And yet, this separation between sport as fundamentally physical, on the one hand, and knowledge work as exclusively cerebral, on the other, reveals a grave mischaracterization of how we excel at cognitive activity. It is an error born of a culture that desires, it seems, to ignore that the brain is part of the body, constructing the body only as an inconvenient carrier of the brain from one sedentary location to another.
Evidence from physiology and neurology shows unequivocally that when we connect the brain and the body, our cognitive performance improves.
However, evidence from physiology and neurology shows unequivocally that when we connect the brain and the body, our cognitive performance improves. Ratey and colleagues show that the longer one is involved in physical activity—effectively elevating heart rate over time—the better one performs at school. And introducing physical activity means better cognitive performance immediately, as well. Studies have shown that people who have just performed a bout of 20 minutes on a stationary bike at 65 percent of their maximum heart rate perform better on cognitive executive functioning tasks. What is less clear right now is which aspects of sport support these cognitive benefits. In HCI we have an opportunity to do this primary research to help more of us engage in sport as play (vs. profession) and to translate the brain-body benefits of these practices from the sporting field to the rest of life.
Training for Cognitive Performance
There is so much more to sport than physical activity when imagining benefits for wellth creation. To make these connections, it may help to formalize some of the differences between sport and physical activity. Whereas anything that elevates one’s heart and requires effortful muscular contraction at some level of intensity is physical activity, sport as a game also adds rules to this effort. Sport has an end in mind, driven by a particular target: to win the game/the contest/the competition.
Winning requires physical movement skills as well as cognitive skills for strategy and tactics. There is often also a high demand on visual processing to coordinate physical awareness. Vision—or perceptual cognition—is highly demanding information processing that to be effective in sport requires rapid intake and an understanding of the physical and dynamic state of play—reading the field and being able to find and deliver the appropriate strategy and tactics (a deep knowledge of one’s playbook, for instance) to map teammates’ skills and positions with opportunities to advance toward the goal. The fastest or strongest players are not always the quickest.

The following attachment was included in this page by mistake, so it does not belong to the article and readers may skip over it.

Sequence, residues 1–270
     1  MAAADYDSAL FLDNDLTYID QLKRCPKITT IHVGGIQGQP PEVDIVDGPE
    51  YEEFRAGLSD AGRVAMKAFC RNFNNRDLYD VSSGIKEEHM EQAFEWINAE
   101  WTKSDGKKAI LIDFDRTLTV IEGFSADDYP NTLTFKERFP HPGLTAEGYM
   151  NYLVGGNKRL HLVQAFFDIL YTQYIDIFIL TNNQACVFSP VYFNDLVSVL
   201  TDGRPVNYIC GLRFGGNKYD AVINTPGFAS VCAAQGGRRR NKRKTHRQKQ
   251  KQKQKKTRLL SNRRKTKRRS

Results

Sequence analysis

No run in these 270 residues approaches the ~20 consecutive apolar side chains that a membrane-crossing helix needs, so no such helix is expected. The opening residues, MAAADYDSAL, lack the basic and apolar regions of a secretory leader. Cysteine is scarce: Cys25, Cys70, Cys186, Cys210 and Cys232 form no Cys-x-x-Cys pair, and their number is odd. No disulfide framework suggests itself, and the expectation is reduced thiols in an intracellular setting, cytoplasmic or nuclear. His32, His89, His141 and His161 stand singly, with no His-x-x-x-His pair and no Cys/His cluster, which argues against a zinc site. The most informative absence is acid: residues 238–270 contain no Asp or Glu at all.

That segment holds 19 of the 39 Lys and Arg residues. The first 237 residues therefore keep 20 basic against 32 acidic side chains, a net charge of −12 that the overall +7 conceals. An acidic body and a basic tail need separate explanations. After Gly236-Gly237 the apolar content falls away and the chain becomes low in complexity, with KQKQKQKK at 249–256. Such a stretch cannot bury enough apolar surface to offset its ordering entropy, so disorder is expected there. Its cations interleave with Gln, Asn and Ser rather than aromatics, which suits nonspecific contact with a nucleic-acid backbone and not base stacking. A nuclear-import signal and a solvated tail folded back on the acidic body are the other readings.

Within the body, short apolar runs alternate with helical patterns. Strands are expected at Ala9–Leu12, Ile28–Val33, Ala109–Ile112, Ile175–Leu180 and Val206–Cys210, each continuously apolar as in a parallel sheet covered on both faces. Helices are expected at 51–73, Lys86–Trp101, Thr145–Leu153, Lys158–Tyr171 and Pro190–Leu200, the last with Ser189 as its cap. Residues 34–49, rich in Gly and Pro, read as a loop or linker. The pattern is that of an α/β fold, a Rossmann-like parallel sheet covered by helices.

There is, as we can see, tremendous mental processing along with physical exertion happening in sport. Watching a long tennis match among skilled opponents foregrounds how tactics and endurance ebb and flow between each other. When both players are in great physical condition, we see that an older, more experienced pro can defeat a stronger, younger, highly skilled but less experienced opponent: The older player may be quicker, having more experience with rapid pattern selection for dealing with known problem types. The truly great can also break their own patterns and adapt and respond to new patterns more quickly.
Outside the match context, there is also planning and evaluation to tune skills practice. Reflection on one’s performance to refine one’s physical and mental preparedness for the next competition and to understand which skills must be honed requires planning, preparation, and execution. These attributes are often best supported by a coach, whose job it is to help interpret what has happened and help an athlete improve. Some sports bring more of these elements together than others, but all of them have these components.
When considering sport, so far computer science and interactive technology have predominantly focused on two factors: supporting a game or practice as a whole—one already jogs, so let’s augment that—or improving physical measurements of an aspect within a particular practice—measuring how many of one thing or how far of something else to provide feedback for physical performance. Each of these approaches benefits aspects of sport performance. As I hope to have shown here, however, sport affords even more kinds of interactions where HCI research and design could help both the development of sporting success and the translation of those skills to everyday life, in particular to support creativity, innovation, and discovery in knowledge work.